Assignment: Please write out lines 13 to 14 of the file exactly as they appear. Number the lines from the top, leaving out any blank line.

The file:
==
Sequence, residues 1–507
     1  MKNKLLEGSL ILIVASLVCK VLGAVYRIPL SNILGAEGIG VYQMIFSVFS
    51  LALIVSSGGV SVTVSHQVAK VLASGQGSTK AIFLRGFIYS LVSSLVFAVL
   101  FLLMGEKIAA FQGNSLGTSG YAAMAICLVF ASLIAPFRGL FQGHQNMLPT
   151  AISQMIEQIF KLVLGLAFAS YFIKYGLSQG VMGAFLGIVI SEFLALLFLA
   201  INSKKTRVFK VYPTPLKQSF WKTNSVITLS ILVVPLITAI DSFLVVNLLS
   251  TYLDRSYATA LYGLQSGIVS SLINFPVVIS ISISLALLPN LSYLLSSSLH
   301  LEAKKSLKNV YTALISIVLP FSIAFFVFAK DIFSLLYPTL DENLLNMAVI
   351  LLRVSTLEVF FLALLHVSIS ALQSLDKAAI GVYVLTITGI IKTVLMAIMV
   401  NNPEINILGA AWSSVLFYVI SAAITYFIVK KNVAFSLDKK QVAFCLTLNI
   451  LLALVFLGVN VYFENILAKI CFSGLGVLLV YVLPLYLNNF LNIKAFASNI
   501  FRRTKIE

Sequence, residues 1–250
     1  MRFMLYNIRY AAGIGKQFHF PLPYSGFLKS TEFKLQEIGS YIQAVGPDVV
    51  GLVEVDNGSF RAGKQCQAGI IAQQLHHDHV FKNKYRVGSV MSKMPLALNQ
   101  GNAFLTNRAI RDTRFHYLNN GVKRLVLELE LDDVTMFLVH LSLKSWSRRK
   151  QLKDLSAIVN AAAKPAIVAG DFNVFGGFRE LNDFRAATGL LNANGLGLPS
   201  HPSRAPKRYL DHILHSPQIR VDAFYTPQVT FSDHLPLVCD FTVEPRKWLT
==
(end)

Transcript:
Sequence, residues 1–250
     1  MRFMLYNIRY AAGIGKQFHF PLPYSGFLKS TEFKLQEIGS YIQAVGPDVV